Sara Manning Peskin, M.D., writes a vividly descriptive piece for the New York Times on a level of consciousness experienced near death coined by biologist Michael Nahm as “terminal lucidity”. While active dying can be confirmed in individuals by observing bodily symptoms such as “the death rattle”, “terminal agitation”, or “air hunger”, Peskin expands in detail on this subtler sign of dying.

The interconnectedness of the human body’s organs is referred to by Peskin as a “compassionate gift” because, as death nears and each organ system shuts down, they communicate to the brain to fall into a numbing slumber. Peskin states: “We may be able to sense people at the bedside on a spiritual level, but we are not fully awake in the moments, and often hours, before we die.”

Terminal lucidity is described as a burst of cognitive clarity and energy unusual compared to a dying person’s usual static state. Peskin details the biological functions and shut downs that cause bodily death which may happen in different sequences depending on the ailment. However, the mystery behind terminal lucidity is that it often occurs irrespective of the patient’s condition. A person dying with dementia, brain tumors, stroke, or kidney failure, for example, may all experience this sudden energy and awareness. “Nearly 90 percent of cases happened within a week of death and almost half occurred on the final day of life.” Peskin writes. From jokes, to songs, to demonstrations of gratitude, and smiles, dying people may, for biological reasons unknown, be given a final moment by the body’s complex systems to be alert with their loved ones and take a last look around with clarity. As Alexander Batthyány, an expert on dying, said: terminal lucidity is “the light before the end of the tunnel.”

This is an interesting article about lucidity before death. Of course, every death is different. My husband had a very conscious journey, using VSED (Voluntarily Stopping Eating and Drinking) as the means to cause his death. Each day of his 9 ½ day journey took him closer to taking his last breath. Each day, his way of communicating to me shifted a little. On the eighth day, he could no longer talk and his eyes were closed, but he could answer “yes” or “no” by moving his eyelids. This is I was able to know if he was physically comfortable. On the ninth day, he was in a coma with loud rapid breathing. Our doctor said he was brain dead and would die in one to three days. His heart was still strong. She left our house. I went into his room and spontaneously began to talk with him. We were communicating even though he was brain dead. I told him he was getting his wish and would not have to live into the late stages of Alzheimer’s. I told him how brave he was and that I was going to be alright. Then he took his last breath. He went from the loud rapid breathing to taking one or two loooong, quiet, gentle breaths. He left.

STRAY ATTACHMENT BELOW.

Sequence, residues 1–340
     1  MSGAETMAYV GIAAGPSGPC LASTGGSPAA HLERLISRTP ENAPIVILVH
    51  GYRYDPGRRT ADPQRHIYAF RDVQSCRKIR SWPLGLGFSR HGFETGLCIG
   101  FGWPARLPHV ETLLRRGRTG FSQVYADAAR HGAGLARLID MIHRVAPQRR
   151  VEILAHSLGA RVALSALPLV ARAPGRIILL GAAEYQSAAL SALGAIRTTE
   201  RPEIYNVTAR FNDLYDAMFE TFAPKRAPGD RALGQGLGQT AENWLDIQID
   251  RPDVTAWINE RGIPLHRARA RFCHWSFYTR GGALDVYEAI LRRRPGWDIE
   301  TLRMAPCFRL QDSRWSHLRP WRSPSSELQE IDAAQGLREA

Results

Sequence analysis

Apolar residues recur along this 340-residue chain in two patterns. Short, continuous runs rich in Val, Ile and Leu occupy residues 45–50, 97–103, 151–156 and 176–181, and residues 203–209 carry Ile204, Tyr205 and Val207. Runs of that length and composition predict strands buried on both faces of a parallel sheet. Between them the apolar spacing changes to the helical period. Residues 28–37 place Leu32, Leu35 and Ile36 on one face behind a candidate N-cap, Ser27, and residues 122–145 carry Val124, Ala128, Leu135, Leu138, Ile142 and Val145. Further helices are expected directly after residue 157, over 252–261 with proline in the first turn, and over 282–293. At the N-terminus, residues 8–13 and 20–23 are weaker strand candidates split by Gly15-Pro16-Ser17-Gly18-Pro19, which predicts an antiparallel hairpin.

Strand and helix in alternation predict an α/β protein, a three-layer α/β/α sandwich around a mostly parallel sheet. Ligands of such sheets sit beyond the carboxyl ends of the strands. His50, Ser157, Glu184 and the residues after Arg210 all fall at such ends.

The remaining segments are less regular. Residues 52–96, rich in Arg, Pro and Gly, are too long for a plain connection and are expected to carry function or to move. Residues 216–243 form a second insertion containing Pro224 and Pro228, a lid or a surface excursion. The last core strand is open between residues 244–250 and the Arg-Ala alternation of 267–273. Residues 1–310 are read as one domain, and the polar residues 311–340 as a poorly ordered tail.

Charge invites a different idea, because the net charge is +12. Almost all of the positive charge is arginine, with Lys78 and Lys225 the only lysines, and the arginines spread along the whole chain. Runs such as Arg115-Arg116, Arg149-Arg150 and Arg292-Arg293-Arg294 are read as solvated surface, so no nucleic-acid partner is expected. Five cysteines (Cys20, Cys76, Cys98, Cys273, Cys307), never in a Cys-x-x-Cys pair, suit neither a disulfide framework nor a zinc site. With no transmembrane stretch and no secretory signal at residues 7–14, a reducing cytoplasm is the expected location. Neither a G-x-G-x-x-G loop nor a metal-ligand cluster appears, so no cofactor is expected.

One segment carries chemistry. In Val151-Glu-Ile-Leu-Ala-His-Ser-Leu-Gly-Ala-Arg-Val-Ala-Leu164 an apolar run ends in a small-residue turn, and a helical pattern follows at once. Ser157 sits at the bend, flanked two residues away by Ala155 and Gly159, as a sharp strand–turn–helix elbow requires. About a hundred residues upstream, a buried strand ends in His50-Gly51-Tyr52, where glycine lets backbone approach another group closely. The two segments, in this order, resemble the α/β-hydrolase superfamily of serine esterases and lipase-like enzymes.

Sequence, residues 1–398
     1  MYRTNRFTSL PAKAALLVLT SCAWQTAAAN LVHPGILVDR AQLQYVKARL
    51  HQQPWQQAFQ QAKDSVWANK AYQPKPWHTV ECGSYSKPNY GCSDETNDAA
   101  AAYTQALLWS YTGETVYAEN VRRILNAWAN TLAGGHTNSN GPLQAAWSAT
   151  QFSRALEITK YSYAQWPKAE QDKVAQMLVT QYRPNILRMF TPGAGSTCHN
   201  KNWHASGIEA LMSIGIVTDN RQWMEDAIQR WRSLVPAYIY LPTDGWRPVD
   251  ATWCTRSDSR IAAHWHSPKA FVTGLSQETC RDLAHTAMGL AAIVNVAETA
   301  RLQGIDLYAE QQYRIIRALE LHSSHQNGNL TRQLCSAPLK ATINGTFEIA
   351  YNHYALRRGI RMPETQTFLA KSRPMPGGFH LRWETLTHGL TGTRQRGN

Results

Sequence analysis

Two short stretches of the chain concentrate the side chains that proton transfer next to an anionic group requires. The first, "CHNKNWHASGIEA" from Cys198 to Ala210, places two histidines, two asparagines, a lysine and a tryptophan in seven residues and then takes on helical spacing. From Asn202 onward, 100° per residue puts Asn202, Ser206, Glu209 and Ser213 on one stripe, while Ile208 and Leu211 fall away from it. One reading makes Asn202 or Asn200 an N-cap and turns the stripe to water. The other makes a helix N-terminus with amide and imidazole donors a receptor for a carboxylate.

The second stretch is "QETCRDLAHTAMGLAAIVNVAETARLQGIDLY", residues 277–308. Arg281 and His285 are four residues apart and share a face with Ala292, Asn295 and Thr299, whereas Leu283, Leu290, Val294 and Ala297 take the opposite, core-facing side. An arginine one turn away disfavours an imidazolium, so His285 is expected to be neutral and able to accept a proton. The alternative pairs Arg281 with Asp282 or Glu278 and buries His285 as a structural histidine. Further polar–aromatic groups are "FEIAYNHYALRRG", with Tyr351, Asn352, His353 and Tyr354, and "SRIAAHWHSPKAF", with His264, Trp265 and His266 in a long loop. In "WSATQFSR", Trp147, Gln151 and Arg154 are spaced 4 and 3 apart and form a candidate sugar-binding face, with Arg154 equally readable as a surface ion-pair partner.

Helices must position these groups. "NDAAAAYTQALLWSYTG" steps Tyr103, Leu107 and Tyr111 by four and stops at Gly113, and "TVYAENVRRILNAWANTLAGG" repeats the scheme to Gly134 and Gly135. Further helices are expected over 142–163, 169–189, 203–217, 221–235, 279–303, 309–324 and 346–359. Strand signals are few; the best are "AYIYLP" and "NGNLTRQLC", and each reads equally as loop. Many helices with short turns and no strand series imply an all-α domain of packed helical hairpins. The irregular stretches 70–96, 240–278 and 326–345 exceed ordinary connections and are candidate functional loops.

All of this is explained in more detail in my recently published book, Choosing to Die. I hope you take the time to read this first memoir and guidebook written about VSED as a form of elective death in the face of degenerative disease.


We’re Bad at Death. Can We Talk?

“Patients who engage in advance care planning are less likely to die in the hospital or to receive futile intensive care.”

Dhruv Khullar M.D. writes a moving piece for The New York Times about why it is important to have deep meaningful conversations about end of life before it is too late to do so. It has been increasingly acknowledged that many Americans would rather not go through intensive care and excessive hospitalization at the end of their life. It is not even clear that the aggressive medical care allows people to live any longer than if they choose not to go through it. The two things that have the biggest impact on improving end of life for individuals is “earlier conversations about their goals and greater use of palliative care services”. Unfortunately, people often put off these discussions until it is too late. Khullar explains that “Patients who engage in advance care planning are less likely to die in the hospital or to receive futile intensive care.” This is important because according to a 2011 Public Opinion report by the Center to Advance Palliative Care “the vast majority of patients say they would want palliative care for themselves and their family members if understood as an ‘extra layer of support’ during serious illness.”

It is important for people to understand what palliative care is. An improved definition has been described as “specialized medical care for people with serious illnesses. This type of care is focused on providing patients with relief from the symptoms, pain, and stress of a serious illness – whatever the diagnosis. The goal is to improve quality of life for both the patient and the family. Palliative care is provided by a team of doctors, nurses, and other specialists who work with a patient’s other doctors to provide an extra layer of support. Palliative care is appropriate at any age and at any stage in a serious illness, and can be provided together with curative treatment.”

There seems to be a disconnect with what physicians tend to view palliative care as and what it really is. Many physicians tend to view it as synonymous with end-of-life care. This leads to certain patients not receiving the care they require because the illnesses may not be traditionally thought of as terminal, such as kidney failure (117,000 reported cases in 2013 in U.S., 89,000 die annually), or chronic obstructive pulmonary disease (15.7 million people currently diagnosed in U.S and was the 3rd leading cause of death in 2014 ). “Palliative care, with its focus on symptom control and holistic well-being, should be considered at any stage of a serious illness – not just at the end. Its use should be driven by patient need, not disease prognosis.”